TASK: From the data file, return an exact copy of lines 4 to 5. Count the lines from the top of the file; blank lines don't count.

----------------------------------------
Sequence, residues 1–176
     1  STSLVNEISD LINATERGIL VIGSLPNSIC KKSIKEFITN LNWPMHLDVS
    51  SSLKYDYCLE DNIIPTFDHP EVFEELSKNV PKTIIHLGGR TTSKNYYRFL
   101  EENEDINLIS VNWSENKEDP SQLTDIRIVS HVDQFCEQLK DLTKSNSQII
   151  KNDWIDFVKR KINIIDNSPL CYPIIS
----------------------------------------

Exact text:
   101  EENEDINLIS VNWSENKEDP SQLTDIRIVS HVDQFCEQLK DLTKSNSQII
   151  KNDWIDFVKR KINIIDNSPL CYPIIS